tance in this connection. Even if we concede that the persons embraced in the lists really existed and reigned in Egypt, it does not follow that their reigns. were all consecutive. The contrary supposition. seems every way probable. " Egypt,” says Osborn (Mon. Hist. vol. i. p. 183), " on its first settlement, was divided into nomes or provinces. The boundaries of these nomes, and the customs and usages of each of them, were component parts of the common law of Egypt at all periods of its history. What, therefore, is more probable, - we had almost said more certain, — than that, in the first place, the founder of each new city would be accounted the king of it, and of the nome or district that surrounded it? This was the case on the settlement of all other countries in the ancient world,* and that Egypt would not depart from this universal rule is the highest of all conceivable probabilities.” It has been claimed, however, that Manetho has made due allowance for this state of things, and excluded from his list all merely contemporary reigns. Says M. Mariette, " It would certainly be contrary to established facts to pretend that, from the days of Menes to the Greek conquest, Egypt always formed one united kingdom, and it is possible that unexpected
* Gen. chaps. 10, 14, 36, etc.
discoveries may one day prove that throughout nearly the whole duration of this vast empire, there were even more collateral dynasties than the partisans of that system now contend for. But everything shows us that the work of elimination has been already performed on the lists of Manetho, in the state in which they have reached us. If, in fact, these lists contained the collateral dynasties, we should find in them, either before or after the XXIst, the dynasty of high priests who reigned at Thebes, while the XXIst occupied Tanis. In the same way we should have to count, either before or after the XXIIId, the seven or eight independent kings who were contemporary with it, and who, if Manetho had not rejected them, would have added as many successive royal families to the lists of the Egyptian priest, the dodecarchy for one, at least, between the XXVth and XXVIth dynasties, and, finally, the Theban kings, rivals of the Shepherds, would have taken rank before or after the XVIIth. There were, therefore, incontestably contemporaneous dynasties in Egypt; but Manetho has thrown them out, and admitted those only whom he regarded as legitimate, and his lists contain no others. If it were not so, it would not be thirty-one dynasties that we should have to reckon in the list of royal families previous to Alexander, but probably nearer sixty.”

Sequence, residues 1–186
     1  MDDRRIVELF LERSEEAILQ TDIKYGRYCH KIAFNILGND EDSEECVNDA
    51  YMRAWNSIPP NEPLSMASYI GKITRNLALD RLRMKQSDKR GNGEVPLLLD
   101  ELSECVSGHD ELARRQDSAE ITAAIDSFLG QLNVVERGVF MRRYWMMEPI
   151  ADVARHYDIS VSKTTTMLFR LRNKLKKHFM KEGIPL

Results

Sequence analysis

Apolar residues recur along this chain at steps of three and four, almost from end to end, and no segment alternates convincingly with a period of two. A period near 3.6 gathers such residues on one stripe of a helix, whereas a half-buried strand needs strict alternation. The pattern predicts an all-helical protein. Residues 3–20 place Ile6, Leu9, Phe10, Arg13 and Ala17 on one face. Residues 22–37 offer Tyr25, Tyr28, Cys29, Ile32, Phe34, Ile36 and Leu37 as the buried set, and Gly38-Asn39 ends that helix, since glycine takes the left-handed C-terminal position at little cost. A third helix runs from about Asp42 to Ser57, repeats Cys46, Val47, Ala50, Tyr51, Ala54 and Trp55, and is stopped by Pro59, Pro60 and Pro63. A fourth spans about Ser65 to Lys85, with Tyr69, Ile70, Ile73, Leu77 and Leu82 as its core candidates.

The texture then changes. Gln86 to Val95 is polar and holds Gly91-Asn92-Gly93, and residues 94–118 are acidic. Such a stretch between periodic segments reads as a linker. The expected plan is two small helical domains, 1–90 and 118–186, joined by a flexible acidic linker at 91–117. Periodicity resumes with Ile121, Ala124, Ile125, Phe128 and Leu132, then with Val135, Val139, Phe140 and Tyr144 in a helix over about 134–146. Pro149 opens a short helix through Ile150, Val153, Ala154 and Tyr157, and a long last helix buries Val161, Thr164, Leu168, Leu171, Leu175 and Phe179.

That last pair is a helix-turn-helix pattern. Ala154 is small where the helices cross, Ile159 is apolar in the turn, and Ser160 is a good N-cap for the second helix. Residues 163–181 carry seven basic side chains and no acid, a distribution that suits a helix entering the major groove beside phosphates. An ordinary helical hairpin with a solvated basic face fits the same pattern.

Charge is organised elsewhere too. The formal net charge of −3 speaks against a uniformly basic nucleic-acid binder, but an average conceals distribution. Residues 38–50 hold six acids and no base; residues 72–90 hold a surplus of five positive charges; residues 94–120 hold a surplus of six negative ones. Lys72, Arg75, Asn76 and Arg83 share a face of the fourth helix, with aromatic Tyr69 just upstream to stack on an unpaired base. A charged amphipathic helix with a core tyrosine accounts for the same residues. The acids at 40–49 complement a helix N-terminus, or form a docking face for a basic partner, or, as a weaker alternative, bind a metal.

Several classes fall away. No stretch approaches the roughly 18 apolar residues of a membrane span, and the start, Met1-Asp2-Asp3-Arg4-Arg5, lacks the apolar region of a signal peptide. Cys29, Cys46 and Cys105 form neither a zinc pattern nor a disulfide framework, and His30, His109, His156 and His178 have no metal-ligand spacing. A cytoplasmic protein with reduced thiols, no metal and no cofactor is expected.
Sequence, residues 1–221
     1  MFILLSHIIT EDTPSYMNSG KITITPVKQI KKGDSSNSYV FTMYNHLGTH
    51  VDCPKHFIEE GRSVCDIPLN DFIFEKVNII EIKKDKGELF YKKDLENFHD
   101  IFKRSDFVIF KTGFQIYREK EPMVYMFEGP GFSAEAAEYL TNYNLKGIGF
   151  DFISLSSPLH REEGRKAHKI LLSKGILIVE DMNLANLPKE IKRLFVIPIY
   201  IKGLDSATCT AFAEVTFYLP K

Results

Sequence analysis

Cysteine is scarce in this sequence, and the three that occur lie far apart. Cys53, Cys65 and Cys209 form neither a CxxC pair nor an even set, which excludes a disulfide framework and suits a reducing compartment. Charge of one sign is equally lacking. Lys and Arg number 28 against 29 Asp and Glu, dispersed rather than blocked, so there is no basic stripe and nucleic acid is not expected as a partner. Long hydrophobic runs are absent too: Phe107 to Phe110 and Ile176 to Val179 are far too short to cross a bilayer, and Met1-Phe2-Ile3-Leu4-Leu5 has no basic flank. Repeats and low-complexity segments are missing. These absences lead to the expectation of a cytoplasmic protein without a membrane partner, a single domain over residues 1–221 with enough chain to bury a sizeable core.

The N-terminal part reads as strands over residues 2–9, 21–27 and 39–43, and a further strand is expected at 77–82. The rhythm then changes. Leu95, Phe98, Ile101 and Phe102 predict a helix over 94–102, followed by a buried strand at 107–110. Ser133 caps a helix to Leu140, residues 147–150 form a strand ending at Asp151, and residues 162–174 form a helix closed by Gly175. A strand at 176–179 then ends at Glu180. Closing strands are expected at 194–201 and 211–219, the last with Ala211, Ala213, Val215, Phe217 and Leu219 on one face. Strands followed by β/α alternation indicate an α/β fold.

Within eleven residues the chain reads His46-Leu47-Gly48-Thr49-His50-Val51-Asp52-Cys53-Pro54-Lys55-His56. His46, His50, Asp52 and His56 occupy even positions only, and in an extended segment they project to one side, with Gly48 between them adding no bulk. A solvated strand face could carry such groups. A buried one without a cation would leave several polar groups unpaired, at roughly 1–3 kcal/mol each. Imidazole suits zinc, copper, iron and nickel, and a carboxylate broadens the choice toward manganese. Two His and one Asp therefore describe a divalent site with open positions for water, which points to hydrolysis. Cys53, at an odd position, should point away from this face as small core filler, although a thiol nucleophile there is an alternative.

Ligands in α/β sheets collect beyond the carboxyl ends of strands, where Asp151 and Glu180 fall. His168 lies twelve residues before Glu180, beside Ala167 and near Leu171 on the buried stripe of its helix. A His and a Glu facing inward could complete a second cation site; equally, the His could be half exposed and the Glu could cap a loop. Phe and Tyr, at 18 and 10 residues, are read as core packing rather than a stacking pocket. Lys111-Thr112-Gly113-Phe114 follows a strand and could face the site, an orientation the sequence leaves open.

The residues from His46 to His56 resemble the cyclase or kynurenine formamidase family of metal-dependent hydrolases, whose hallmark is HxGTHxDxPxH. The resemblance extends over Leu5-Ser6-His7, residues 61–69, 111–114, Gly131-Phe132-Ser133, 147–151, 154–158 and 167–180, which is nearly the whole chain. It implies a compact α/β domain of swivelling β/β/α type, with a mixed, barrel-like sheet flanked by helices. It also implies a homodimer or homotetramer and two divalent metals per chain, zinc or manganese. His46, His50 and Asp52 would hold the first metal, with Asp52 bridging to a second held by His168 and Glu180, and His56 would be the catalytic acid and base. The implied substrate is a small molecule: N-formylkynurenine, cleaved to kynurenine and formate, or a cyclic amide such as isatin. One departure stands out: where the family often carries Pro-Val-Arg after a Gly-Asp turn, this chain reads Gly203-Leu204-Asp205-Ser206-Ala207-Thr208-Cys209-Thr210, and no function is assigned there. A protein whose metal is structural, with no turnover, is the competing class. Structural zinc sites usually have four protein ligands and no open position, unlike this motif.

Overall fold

We submit that this reasoning is not conclusive. If the unsettled state of the monarchy, during its long existence, was such as to make necessary the cutting down of its royal annals one hall,- from sixty to thirty-one dynasties, - what evidence is there that it did not require a further curtailment? That such is the fact, is agreed by the great body of Egyptologers, though they may differ as to how much and where it should be made.
Our conclusion, then, is very certain. We look in vain into the history and antiquities of Egypt for any evidence whatever of the existence of man earlier than the time of Noah. According to the Septuagint chronology, we may allow full thirty centu- · ries between that time and the Christian era, a period amply sufficient to account for every known trace of man in the valley of the Nile.